71 SUFFIX This study has analyzed the particular contributions of the cocoa manufacturing This is an important topic, for Cte d'Ivoire in particular, because the cocoa industry is the keystone of the economy. It is also an impor tant topic as it relates to the academic understanding of development. The cocoa manufacturing industry in Cte d'Ivoire acts as a case study for testing the theories about the economic benefits of forward integration. It also looks at the relationship bet ween industrialization and economic growth in a developing country. These observations then contribute to the broader understanding of development theories and methods. Forward integration into commodity manufacturing within the borders of a producing cou ntry is often deemed a positive development for that country. In the context of Cte d'Ivoire, this relationship proves to be complex. Forward integration is occurring in Cte d'Ivoire in the sense that more manufacturing is occurring within the borders of the country. In contrast, the ownership of that manufacturing industry makes it more accurately characterized as either backward integration by TNCs, or simply the relocation of TNC capacities to Cte d'Ivoire. So although the location of the manufacturin g within its borders may benefit Cte d'Ivoire, the foreign ownership of those facilities reduces the benefits of said forward integration in Cte d'Ivoire. This study does lend support to contributes to economic development. It also finds a positive link between economic and social development. In that v ein, it is important to emphasize that this study does not lay to rest the debate about the linearity/non linearity of development, but it does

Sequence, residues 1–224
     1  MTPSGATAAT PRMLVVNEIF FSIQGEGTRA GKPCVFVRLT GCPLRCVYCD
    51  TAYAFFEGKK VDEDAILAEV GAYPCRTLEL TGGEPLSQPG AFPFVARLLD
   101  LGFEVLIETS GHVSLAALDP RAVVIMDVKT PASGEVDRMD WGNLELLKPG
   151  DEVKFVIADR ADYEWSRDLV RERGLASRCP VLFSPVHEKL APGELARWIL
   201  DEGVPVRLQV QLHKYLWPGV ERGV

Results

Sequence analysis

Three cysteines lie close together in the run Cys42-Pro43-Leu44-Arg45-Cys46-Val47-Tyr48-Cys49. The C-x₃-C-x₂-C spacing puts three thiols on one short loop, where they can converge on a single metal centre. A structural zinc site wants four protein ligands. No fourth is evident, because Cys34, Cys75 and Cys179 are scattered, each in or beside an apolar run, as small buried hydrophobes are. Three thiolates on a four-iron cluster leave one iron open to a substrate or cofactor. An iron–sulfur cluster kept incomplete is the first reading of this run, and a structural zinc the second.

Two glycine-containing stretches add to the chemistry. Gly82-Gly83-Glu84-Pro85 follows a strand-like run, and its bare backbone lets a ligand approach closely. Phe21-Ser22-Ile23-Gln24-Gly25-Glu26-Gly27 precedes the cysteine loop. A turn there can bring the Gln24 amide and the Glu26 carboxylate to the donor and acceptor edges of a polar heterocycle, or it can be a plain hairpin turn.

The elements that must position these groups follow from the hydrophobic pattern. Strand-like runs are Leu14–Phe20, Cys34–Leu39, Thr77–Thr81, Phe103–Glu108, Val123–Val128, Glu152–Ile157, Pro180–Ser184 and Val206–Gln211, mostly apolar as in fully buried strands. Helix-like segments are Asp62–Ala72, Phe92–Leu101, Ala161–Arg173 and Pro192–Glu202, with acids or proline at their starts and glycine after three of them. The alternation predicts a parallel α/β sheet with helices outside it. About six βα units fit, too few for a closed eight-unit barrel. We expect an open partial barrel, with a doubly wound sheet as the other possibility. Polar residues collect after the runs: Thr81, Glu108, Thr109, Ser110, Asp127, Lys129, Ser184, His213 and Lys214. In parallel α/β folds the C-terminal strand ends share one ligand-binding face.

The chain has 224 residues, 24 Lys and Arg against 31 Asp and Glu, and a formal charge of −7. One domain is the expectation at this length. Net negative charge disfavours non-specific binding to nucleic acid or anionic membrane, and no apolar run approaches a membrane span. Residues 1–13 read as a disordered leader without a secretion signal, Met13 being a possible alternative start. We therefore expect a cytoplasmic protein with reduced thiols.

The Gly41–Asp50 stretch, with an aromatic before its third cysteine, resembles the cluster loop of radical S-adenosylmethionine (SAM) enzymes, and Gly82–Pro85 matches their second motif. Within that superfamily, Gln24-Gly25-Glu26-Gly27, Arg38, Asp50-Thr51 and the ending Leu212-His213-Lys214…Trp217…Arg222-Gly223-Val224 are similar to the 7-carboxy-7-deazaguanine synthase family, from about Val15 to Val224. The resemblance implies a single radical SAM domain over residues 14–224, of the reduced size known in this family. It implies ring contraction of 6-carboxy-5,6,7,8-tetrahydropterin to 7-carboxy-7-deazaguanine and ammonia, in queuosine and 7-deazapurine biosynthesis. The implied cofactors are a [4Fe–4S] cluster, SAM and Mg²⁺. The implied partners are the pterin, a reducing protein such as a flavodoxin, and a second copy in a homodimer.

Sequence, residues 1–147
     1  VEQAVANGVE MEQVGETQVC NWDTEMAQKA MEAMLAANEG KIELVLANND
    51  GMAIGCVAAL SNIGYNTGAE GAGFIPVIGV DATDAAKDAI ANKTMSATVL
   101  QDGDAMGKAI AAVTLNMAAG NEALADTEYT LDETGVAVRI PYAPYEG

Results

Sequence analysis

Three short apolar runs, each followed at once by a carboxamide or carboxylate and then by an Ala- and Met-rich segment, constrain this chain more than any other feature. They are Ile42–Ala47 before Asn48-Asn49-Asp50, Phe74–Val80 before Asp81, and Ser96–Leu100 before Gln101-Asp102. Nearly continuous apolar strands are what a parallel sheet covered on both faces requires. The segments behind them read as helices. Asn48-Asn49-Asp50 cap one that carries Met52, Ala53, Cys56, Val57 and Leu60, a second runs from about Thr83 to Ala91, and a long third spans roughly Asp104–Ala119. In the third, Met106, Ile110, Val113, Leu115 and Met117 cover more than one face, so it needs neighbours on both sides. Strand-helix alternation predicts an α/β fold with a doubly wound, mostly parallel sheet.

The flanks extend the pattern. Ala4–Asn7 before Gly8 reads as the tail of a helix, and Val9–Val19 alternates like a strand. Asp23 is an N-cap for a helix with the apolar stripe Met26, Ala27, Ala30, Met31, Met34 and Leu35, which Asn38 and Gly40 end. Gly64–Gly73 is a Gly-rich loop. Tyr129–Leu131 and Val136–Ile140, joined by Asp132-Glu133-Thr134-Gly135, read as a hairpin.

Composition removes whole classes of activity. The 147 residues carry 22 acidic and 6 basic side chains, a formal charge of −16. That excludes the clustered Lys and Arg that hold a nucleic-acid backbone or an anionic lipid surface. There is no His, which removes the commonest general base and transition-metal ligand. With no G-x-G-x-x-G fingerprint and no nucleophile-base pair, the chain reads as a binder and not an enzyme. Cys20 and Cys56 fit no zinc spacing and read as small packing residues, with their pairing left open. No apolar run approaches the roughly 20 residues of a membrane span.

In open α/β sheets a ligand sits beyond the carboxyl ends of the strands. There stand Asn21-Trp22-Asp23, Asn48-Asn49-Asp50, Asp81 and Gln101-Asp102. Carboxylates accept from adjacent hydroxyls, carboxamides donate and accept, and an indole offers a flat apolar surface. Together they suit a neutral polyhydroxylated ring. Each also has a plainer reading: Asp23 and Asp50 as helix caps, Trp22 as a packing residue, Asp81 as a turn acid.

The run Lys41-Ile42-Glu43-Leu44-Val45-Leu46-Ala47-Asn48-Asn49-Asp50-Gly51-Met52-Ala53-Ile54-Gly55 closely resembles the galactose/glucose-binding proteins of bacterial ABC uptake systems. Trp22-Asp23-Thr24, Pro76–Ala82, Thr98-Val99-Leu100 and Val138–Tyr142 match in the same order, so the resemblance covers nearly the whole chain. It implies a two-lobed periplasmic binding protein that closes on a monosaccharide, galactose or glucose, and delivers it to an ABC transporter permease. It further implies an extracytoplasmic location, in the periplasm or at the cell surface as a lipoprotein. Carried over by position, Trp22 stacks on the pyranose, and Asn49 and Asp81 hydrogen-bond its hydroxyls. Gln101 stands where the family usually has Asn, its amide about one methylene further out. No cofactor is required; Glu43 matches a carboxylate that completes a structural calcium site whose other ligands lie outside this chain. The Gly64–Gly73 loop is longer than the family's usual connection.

72 corroborate the po sitive link between industrialization and economic development noted in the linear understanding of development. Finally, this study contributes to the development discourse by investigating the case of Cte d'Ivoire which fills the need for case studies that look at the specifics of particular places to inform broader theoretical discussions. This study looks at the interactions of industrialization, human development, conflict, international trade, and foreign investment in Cte d'Ivoire to create a spec ific picture about the current state of development in that country. This paper does not completely solve any general academic questions dealing with development, but it does apply the general theories and presuppositions found in broader scale work to a p articular case. The accumulation of these kinds of smaller scale studies will create a record against which more theoretical work can be compared and tested.
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77 BIOGRAPHICAL SKETCH Steven Kotecki was born in Pullman, Washington in 1982. He moved to Cte d'Ivoire with his parents when he was 7 after spend ing two years in France. He completed high school in Cte d'Ivoire in 2001 and returned to the United States. He joined the US Army reserves in 2002, graduated from the University of Pittsburgh in Johnstown in 2008 with a b achelor s degree in g eography an d e nvironmental s tudies, and graduated from the University of Florida in 2010 with a m aster s in g eography.